"Getting your book noticed by readers. This is a challenge for published but not-yet-famous writers whose publishers ignore them."
TL: What are you working on now?
PDS: A novel about a painting that was found after being lost for more than 100 years. Characters include psychics, con men, and as the main protagonist, Dr. Frances Gourmelon, a Boston psychic who is featured in Ghosts on the Red Line. It’s title, for now: Portrait of Ignatius Jones.

TL: Great information, and thank you for stopping by. Anything you would like to add?
PDS: Yes! Check out Ghosts on the Red Line to find out what happens when commuters see their Departed on the Boston subway. According to reviewers, it’s a “fascinating multi-level novel” and “altogether wonderful.”  If revenge and intrigue in Hong Kong would interest you, take a look at The Trail of Money, which one reviewer calls a “marvelously twisty thriller.” You can get more info about both novels, and about my modest self, at www.peterdshapiro.com.

Also, if you’re the actor/director known as Ben Affleck, you’d be excellent as Harry Forrest West. Have your people call my people about optioning movie rights for Ghosts on the Red Line (Ben, please note, it takes place in Boston) and for its prequel, The Trail of Money.

OTHER POSTS THAT MAY INTEREST YOU

Should I self-publish?

I'm a huge advocate of Do-It-Yourself, and I'm looking for other DIY-ers to share their stories. If you're a self-published writer, blogger, independent filmmaker, Youtube star, whatever, tweet me and I may feature you on my blog!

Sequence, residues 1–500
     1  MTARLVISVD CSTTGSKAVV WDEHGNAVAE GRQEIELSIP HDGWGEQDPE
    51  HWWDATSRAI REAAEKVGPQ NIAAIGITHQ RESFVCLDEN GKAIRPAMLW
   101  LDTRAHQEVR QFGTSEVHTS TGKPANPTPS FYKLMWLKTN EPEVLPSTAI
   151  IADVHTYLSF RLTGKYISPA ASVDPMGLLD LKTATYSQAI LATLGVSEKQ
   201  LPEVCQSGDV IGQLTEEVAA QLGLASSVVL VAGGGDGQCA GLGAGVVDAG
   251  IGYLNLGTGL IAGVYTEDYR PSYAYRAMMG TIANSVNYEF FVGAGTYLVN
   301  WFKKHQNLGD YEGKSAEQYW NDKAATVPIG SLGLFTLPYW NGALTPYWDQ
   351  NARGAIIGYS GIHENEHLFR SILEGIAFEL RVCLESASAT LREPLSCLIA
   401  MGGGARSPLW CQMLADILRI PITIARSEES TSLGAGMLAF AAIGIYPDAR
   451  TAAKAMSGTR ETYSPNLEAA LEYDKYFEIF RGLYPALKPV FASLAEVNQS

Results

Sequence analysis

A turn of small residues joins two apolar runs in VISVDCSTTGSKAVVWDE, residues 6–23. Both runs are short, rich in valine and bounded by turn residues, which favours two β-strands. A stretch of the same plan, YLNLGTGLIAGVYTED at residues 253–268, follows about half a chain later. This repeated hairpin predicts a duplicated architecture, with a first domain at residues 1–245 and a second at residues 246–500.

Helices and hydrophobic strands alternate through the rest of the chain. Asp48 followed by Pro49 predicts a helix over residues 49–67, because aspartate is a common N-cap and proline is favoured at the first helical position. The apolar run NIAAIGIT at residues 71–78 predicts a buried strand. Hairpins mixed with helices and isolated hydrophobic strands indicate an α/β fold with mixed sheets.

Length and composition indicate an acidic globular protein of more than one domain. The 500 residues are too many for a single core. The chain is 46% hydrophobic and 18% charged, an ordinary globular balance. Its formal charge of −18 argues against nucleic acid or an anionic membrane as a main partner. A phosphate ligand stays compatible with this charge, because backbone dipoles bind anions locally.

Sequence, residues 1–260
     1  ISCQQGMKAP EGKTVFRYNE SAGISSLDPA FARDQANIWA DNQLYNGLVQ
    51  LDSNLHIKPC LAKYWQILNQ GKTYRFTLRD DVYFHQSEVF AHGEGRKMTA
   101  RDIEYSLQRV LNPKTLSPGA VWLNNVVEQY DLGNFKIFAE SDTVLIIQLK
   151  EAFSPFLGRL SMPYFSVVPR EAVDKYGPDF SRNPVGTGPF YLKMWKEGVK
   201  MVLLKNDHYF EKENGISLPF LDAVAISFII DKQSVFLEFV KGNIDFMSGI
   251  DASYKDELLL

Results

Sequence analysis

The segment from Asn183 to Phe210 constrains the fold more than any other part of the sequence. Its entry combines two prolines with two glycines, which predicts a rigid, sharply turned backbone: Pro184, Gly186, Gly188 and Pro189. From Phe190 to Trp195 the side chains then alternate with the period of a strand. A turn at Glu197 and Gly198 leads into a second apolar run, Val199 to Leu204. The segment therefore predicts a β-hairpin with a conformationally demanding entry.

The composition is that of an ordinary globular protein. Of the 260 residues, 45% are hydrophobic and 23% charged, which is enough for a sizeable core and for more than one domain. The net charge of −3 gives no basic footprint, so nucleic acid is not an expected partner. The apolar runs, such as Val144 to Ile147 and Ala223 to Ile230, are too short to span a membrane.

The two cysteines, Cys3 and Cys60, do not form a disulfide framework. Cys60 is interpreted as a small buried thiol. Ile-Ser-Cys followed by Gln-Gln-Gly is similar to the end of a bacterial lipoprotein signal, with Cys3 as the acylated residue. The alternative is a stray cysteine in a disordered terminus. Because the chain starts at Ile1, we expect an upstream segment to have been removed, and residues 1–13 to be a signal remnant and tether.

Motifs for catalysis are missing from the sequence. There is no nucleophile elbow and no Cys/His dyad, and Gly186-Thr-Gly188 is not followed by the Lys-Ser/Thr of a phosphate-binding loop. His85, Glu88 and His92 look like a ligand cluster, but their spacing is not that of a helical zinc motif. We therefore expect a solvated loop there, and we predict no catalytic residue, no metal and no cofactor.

Monday, August 5, 2013

Preacher Samuel Ben White shares how he balances writing, his family life, and his mission to share the word of God

As my blog readers know, I am a huge advocate of indie writers because they have the passion and ambition to open doors when traditional outlets ignore them. Because indie artists are that--independent--they all have unique stories and tips on how to succeed and what to watch out for in the murky terrain of self-publishing.
Samuel Ben White (photo courtesy of author)
On Twitter, I have had the pleasure of connecting with many independent writers, and I was very happy to connect with Samuel Ben White (@garisonfitch). He is an author, minister, family man, and newspaper cartoonist; and he was kind enough to give me an exclusive interview.

TL: You're a prolific writer. Can you tell my readers a little bit about your background?
SBW: I grew up in west Texas, and I loved to read, write and play baseball.  I was never any good at baseball, so I threw myself into the other two.  As soon as I learned to spell, I  was fascinated by the idea that I could string words together and use them to tell stories like the ones I read in books.

Beginning in seventh grade (or thereabouts) I tried my hand at writing novels and submitting them to publishers.  There followed thirty years of rejection slips, but I believed in my stories, so I kept writing them, re-writing old stories, combining pieces of faltering ideas, letting friends and family read them and always trying to get better at the craft.  Finally, thanks to self-publishing and ebooks, I’ve been able to put my books out there and get them read by a few people.  All the while, I’m still writing and trying to become both a better writer and better storyteller.
"There followed thirty years of rejection slips, but I believed in my stories, so I kept writing..."
TL: I think it amazing that you serve your community as a minister, have a family, and still find time to write so prolifically. How do you manage to do it all? Do you have any tips for readers out there who struggle with their own time management?
SBW: I am blessed with a very short attention span!  Honestly, I enjoy all the things you mention (plus, I draw a comic strip for the local newspaper).  I am not good at sitting still, so I am very thankful for the things on deadline (sermons, comic strips), but then when I get stuck on one of those, I’ll work on writing some fiction just to “get the juices flowing.”  As I go through my days, I am constantly getting ideas that I can use in my novels, my comics, or my sermons (and, sometimes, I’ll recycle an idea and use it in all three.)